Friday, March 20, 2009
Five names that don't work for me
(This one does, by the way)
1. The Unknown Warrior
from Dawnthief, by James Barclay
The Unknown Warrior’s mysterious past forms a subplot of this novel, but I found it impossible to take the character seriously with a name like that (and the other characters calling him “Unknown” didn’t help).
A humorous fantasy might have pulled this off, but then his spouse and child would probably have been called the Unknown Wife and the Unknown Baby.
2. Roque Mayo
from Marry A Man Who Will Dance, by Ann Major
Are you able to tell Roque Mayo’s gender from the name? I wasn’t. I have no idea how to pronounce the first name, and the second makes me think of either a clinic or a condiment. If you’re curious, click here.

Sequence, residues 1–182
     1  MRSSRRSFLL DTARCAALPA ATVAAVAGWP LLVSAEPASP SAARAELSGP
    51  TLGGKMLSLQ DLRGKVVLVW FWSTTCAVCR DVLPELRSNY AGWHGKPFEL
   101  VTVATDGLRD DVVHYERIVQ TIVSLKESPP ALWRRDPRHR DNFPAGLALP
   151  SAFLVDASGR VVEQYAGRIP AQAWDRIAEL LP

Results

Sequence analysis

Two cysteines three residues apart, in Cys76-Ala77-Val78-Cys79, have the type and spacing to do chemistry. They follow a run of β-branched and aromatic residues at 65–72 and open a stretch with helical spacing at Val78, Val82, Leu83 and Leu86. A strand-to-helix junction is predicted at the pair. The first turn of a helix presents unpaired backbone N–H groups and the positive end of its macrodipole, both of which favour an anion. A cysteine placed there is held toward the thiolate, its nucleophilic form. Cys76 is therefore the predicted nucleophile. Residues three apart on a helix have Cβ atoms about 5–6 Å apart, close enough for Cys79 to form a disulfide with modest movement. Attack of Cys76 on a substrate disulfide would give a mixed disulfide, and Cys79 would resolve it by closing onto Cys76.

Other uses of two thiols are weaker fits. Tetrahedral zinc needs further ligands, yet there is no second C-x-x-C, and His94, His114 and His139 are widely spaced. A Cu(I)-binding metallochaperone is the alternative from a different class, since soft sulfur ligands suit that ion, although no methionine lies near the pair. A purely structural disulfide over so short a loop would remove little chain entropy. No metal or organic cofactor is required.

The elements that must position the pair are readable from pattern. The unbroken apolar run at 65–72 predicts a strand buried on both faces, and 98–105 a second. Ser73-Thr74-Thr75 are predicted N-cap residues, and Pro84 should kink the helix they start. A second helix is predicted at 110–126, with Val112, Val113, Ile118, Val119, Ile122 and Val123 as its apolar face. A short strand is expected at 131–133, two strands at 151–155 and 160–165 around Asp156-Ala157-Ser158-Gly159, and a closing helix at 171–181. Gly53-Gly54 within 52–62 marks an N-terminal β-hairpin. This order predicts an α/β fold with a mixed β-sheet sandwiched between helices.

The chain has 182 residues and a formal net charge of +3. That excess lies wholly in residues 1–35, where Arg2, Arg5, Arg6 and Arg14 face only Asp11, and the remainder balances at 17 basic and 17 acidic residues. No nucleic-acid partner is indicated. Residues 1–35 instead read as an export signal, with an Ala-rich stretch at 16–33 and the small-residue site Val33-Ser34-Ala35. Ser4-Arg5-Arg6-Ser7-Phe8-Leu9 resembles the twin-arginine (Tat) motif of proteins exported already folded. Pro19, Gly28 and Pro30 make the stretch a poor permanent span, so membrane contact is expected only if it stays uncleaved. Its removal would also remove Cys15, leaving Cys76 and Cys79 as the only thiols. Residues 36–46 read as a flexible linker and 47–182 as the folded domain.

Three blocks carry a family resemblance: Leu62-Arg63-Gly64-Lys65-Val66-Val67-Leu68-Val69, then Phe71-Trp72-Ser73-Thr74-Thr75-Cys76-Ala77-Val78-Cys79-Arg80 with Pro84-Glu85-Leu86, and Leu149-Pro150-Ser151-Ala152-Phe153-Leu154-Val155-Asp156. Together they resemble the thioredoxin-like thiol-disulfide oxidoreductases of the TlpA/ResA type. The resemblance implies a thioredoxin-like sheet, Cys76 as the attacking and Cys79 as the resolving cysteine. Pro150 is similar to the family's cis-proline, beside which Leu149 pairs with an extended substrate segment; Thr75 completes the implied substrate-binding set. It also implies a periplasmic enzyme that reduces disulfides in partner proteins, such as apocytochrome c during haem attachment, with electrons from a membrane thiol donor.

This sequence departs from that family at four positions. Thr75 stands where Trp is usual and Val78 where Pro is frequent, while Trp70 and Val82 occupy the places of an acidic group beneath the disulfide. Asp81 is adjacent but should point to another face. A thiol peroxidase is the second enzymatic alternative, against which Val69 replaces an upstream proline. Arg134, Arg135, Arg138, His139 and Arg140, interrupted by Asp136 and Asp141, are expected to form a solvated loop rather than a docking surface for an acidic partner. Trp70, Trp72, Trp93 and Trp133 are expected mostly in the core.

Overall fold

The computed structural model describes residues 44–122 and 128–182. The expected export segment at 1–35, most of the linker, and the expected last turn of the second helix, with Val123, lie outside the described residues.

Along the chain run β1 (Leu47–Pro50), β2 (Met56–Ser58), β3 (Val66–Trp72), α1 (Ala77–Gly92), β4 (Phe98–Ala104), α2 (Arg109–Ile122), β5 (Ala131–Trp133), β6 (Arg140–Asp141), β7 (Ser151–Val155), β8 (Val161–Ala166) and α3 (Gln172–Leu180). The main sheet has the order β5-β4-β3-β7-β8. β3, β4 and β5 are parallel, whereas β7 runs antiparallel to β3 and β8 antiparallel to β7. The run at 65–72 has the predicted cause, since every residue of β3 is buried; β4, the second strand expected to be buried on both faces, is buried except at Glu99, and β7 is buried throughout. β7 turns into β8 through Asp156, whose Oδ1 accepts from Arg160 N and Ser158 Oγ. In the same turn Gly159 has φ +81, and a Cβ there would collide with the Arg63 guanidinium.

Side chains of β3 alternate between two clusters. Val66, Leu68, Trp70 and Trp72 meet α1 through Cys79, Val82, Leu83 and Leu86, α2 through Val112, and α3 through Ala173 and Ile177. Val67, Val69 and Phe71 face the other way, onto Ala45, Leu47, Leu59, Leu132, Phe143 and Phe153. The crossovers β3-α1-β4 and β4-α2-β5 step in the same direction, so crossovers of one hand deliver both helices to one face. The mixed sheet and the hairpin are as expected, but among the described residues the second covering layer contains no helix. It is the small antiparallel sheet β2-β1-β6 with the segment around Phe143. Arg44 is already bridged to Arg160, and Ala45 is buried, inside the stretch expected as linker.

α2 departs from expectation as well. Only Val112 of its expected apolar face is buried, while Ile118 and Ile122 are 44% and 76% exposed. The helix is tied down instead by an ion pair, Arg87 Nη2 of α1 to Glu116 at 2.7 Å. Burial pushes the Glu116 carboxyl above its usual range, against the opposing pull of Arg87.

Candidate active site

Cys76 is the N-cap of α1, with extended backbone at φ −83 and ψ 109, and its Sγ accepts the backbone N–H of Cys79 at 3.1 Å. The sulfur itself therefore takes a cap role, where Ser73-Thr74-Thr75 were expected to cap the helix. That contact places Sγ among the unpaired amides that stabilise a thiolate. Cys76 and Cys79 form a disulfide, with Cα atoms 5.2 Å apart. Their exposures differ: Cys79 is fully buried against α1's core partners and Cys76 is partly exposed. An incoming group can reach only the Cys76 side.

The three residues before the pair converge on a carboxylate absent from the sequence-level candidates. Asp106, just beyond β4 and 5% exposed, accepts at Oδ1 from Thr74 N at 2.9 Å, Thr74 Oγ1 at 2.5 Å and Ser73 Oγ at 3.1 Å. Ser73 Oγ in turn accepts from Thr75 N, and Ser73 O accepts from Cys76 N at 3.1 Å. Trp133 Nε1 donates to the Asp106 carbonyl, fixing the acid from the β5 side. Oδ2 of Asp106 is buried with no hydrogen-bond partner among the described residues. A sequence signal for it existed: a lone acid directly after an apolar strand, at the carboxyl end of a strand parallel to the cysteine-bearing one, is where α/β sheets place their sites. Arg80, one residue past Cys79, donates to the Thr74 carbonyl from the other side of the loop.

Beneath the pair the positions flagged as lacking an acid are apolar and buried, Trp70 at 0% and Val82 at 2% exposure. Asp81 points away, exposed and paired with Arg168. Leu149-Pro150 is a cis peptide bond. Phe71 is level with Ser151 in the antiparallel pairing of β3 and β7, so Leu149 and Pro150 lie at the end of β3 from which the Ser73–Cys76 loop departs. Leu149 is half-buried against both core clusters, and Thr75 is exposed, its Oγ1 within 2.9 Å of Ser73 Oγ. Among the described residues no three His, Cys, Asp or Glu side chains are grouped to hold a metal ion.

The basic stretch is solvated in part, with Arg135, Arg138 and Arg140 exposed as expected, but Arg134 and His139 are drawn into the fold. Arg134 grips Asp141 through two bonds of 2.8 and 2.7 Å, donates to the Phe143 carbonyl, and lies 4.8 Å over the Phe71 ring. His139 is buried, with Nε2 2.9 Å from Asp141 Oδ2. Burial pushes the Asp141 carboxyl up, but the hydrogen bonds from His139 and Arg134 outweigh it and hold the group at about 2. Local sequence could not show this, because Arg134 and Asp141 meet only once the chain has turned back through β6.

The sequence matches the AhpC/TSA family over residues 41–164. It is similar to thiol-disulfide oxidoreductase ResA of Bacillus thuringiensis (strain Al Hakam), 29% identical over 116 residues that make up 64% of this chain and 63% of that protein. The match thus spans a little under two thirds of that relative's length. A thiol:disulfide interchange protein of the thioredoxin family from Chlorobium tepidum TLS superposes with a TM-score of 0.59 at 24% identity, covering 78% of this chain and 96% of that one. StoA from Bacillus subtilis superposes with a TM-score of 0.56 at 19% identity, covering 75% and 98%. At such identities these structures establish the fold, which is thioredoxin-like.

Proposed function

from The Wayfarer Redemption, by Sara Douglass
To me, Faraday is the famous physicist Michael Faraday, not the teenaged heroine of a medieval fantasy. It doesn’t matter how diligently the story works to make such a character convincing if they’re stuck with a name that has too much weight and connotations.
4. Angel Clare
from Tess of the d’Urbervilles, by Thomas Hardy
Even given that this book was first published in 1891, when the name “Angel” could conceivably have been applied to a masculine candidate for the heroine’s affections, coupling it with the last name “Clare” is like a double dose of estrogen. I know Alec D’Urberville is the antagonist, but at least his name doesn’t bother me.
5. Ael t’Rllallieu
from My Enemy, My Ally, by Diane Duane
The Romulans are my favorite race in Star Trek, and I enjoy those novels of Diane Duane’s which flesh out their history and culture.
That being said, when I try to pronounce Ael’s name I sound like I'm gargling. Maybe it’s the Romulan version of “She sells sea shells on the sea shore”, and if you can pronounce it correctly, you’re from their world.